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I have an object reference that sets instances of an object, yet this message implies that I did not add to the Program.cs
Unhandled exception. System.NullReferenceException: Object reference not set to an instance of an object.
at Program. [...]

Here is excerpt code in the Program.cs that I added list for Dog info and its vaccine.
Dictionary<string, string> dogInfo = new Dictionary<string, string>();
List<Dog> dogs = new List<Dog>();
List<string> dogVaccine = new List<string>();

dog.Vaccines.Add(vaccine); (in Program.cs)

public void AddVaccine(string vaccine)

What I have tried:

I have tried to set a null checker in case the list is empty, etc., but it doesn't work, and I got the same error message after running this code.

I also modified the public void AddVaccine (string vaccine) to add the vaccine to the dog's list of vaccines; however, it doesn't work either. I do not understand what has my code gone wrong.
Updated 29-Nov-22 0:02am
Richard MacCutchan 29-Nov-22 7:03am    
You need to add more details, all we can see are three unconnected blocks of code, so it is impossible to guess where the error occurs. Adding the complete error message and the code where the problem occurs would be a good start.

1 solution

This is one of the most common problems we get asked, and it's also the one we are least equipped to answer, but you are most equipped to answer yourself.

Let me just explain what the error means: You have tried to use a variable, property, or a method return value but it contains null - which means that there is no instance of a class in the variable.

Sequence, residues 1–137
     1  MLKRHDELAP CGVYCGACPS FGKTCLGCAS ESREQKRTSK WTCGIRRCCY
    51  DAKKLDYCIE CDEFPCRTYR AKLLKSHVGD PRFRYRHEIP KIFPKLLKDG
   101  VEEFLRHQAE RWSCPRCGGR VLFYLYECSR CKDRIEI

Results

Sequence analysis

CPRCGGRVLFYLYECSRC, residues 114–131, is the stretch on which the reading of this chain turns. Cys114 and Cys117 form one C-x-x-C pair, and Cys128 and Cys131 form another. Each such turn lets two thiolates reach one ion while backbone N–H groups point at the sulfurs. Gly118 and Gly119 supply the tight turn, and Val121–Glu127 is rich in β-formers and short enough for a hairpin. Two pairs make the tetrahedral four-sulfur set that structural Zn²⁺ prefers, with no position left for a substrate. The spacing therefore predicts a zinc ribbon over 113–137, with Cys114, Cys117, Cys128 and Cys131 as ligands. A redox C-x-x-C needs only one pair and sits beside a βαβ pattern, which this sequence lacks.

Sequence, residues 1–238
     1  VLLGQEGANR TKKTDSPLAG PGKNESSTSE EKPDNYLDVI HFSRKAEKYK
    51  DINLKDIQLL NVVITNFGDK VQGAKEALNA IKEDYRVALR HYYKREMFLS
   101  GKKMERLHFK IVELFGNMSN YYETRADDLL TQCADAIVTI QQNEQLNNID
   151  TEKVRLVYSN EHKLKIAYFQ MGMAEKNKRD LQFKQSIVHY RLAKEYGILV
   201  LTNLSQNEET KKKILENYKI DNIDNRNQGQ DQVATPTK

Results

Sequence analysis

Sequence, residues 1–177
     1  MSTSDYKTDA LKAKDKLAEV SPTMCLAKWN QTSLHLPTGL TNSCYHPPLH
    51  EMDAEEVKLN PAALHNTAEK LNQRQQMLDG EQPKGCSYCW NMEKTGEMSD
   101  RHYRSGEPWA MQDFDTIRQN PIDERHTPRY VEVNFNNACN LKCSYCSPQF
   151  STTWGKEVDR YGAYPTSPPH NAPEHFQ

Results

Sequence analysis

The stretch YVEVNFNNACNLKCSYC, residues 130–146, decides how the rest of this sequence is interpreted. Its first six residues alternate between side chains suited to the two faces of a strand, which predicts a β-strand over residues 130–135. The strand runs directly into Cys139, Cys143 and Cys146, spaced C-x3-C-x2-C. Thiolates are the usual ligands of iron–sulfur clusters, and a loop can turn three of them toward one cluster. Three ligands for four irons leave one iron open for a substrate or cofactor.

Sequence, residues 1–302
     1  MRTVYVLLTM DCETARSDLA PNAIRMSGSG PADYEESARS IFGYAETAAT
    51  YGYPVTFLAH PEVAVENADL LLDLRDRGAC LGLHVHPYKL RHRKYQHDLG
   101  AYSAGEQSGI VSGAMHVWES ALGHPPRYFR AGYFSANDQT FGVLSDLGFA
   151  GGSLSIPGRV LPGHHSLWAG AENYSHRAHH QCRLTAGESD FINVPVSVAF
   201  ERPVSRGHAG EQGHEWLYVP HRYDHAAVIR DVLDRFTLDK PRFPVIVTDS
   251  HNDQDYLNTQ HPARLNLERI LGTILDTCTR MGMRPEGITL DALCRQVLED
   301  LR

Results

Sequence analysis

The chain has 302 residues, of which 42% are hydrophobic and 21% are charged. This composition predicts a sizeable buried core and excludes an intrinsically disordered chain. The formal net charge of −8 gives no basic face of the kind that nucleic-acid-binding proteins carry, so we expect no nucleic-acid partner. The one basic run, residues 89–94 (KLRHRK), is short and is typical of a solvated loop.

It's a bit like a pocket: you have a pocket in your shirt, which you use to hold a pen. If you reach into the pocket and find there isn't a pen there, you can't sign your name on a piece of paper - and you will get very funny looks if you try! The empty pocket is giving you a null value (no pen here!) so you can't do anything that you would normally do once you retrieved your pen. Why is it empty? That's the question - it may be that you forgot to pick up your pen when you left the house this morning, or possibly you left the pen in the pocket of yesterday's shirt when you took it off last night.

We can't tell, because we weren't there, and even more importantly, we can't even see your shirt, much less what is in the pocket!

Back to computers, and you have done the same thing, somehow - and we can't see your code, much less run it and find out what contains null when it shouldn't.
But you can - and Visual Studio will help you here. Run your program in the debugger and when it fails, it will show you the line it found the problem on. You can then start looking at the various parts of it to see what value is null and start looking back through your code to find out why. So put a breakpoint at the beginning of the method containing the error line, and run your program from the start again. This time, the debugger will stop before the error, and let you examine what is going on by stepping through the code looking at your values.

But we can't do that - we don't have your code, we don't know how to use it if we did have it, we don't have your data. So try it - and see how much information you can find out!
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